Guinea pigs can learn complex paths to food, and can accurately remember a learned path for months. Their strongest problem-solving strategy is motion. While guinea pigs can jump small obstacles, they are poor climbers, and are not particularly agile. They startle extremely easily, and either freeze in place for long periods or run for cover with rapid, darting motions when they sense danger. Larger groups of startled guinea pigs “stampede”, running in haphazard directions as a means of confusing predators. When excited, guinea pigs may repeatedly perform little hops in the air (known as “popcorning”), a movement analogous to the ferret’s war dance. They are also exceedingly good swimmers
In the wild
C. porcellus is not found naturally in the wild; it is likely descended from some closely related species of cavies, such as C. aperea, C. fulgida, and C. tschudii, which are still commonly found in various regions of South America. Some species of cavy identified in the 20th century, such as C. anolaimae and C. guianae, may be domestic guinea pigs that have become feral by reintroduction into the wild. Wild cavies are found on grassy plains and occupy an ecological niche similar to that of cattle. They are social, living in the wild in small groups which consist of several females (sows), a male (boar), and the young (which in a break with the preceding porcine nomenclature are called pups). They move together in groups (herds) eating grass or other vegetation, and do not store food. While they do notburrow or build nests, they frequently seek shelter in the burrows of other animals, as well as in crevices and tunnels formed by vegetation. They tend to be most active during dawn and dusk, when it is harder for predators to spot them.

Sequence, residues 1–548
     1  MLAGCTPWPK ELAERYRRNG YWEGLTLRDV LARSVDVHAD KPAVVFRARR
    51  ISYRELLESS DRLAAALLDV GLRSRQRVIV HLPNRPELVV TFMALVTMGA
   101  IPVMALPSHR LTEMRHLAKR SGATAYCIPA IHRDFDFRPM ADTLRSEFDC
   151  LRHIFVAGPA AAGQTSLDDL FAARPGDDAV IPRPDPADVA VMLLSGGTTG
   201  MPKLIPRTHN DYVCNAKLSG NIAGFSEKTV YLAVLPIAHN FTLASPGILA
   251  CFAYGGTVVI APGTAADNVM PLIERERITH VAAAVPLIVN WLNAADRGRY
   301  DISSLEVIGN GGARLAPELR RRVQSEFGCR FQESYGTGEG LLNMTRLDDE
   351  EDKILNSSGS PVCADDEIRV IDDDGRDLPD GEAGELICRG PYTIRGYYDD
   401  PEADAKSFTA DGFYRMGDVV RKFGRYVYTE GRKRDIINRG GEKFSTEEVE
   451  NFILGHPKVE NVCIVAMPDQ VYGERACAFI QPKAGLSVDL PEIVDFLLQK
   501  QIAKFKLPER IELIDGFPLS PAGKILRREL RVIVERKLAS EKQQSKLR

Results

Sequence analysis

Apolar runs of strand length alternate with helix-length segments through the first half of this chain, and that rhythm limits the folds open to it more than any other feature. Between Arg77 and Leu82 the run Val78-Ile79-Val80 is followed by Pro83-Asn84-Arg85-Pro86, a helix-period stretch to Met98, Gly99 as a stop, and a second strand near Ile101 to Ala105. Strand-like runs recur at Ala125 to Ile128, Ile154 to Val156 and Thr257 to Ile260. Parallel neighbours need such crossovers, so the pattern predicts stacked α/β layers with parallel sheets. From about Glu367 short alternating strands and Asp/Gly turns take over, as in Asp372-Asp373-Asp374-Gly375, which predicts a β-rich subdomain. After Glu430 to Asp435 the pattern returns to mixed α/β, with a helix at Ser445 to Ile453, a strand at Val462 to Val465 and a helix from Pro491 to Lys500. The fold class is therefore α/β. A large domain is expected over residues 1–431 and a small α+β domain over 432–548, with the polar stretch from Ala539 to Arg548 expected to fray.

Grass is the guinea pig’s natural diet. Their molarsare particularly suited for grinding plant matter, and grow continuously throughout the animal’s life. Most grass-eating mammals are quite large and have a long digestive tract; while guinea pigs have much longer colons than most rodents, they must also supplement their diet by coprophagy, the eating of their own feces. However, they do not consume all their feces indiscriminately, but produce special soft pellets, called cecotropes, which recycle B vitamins, fiber, and bacteria required for proper digestion. The cecotropes (or caecal pellets) are eaten directly from the anus, unless the guinea pig is pregnant or obese. They share this behaviour with rabbits. In geriatric boars or sows (the condition is rarer in young ones), the muscles which allow the softer pellets to be expelled from the anus for consumption can become weak. This creates a condition known as anal impaction, which prevents the boar from redigesting cecotropes, though harder pellets may pass through the impacted mass